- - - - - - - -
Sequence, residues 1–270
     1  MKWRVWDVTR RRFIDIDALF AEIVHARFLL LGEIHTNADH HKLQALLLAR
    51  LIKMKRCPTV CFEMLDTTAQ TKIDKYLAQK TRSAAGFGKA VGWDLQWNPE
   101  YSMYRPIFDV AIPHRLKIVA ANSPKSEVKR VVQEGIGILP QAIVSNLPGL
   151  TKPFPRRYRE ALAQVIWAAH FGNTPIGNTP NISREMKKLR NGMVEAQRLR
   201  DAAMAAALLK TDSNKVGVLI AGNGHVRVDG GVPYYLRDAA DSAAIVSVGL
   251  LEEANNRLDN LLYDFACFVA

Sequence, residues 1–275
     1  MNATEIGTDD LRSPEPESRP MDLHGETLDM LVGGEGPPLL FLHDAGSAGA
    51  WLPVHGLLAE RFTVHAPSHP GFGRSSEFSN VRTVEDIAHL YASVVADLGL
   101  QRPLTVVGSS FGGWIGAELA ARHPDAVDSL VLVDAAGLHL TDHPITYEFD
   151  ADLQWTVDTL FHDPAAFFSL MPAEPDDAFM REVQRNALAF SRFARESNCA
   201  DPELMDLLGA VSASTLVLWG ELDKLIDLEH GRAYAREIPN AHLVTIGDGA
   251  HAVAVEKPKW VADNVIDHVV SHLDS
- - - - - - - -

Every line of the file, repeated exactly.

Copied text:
Sequence, residues 1–270
     1  MKWRVWDVTR RRFIDIDALF AEIVHARFLL LGEIHTNADH HKLQALLLAR
    51  LIKMKRCPTV CFEMLDTTAQ TKIDKYLAQK TRSAAGFGKA VGWDLQWNPE
   101  YSMYRPIFDV AIPHRLKIVA ANSPKSEVKR VVQEGIGILP QAIVSNLPGL
   151  TKPFPRRYRE ALAQVIWAAH FGNTPIGNTP NISREMKKLR NGMVEAQRLR
   201  DAAMAAALLK TDSNKVGVLI AGNGHVRVDG GVPYYLRDAA DSAAIVSVGL
   251  LEEANNRLDN LLYDFACFVA

Sequence, residues 1–275
     1  MNATEIGTDD LRSPEPESRP MDLHGETLDM LVGGEGPPLL FLHDAGSAGA
    51  WLPVHGLLAE RFTVHAPSHP GFGRSSEFSN VRTVEDIAHL YASVVADLGL
   101  QRPLTVVGSS FGGWIGAELA ARHPDAVDSL VLVDAAGLHL TDHPITYEFD
   151  ADLQWTVDTL FHDPAAFFSL MPAEPDDAFM REVQRNALAF SRFARESNCA
   201  DPELMDLLGA VSASTLVLWG ELDKLIDLEH GRAYAREIPN AHLVTIGDGA
   251  HAVAVEKPKW VADNVIDHVV SHLDS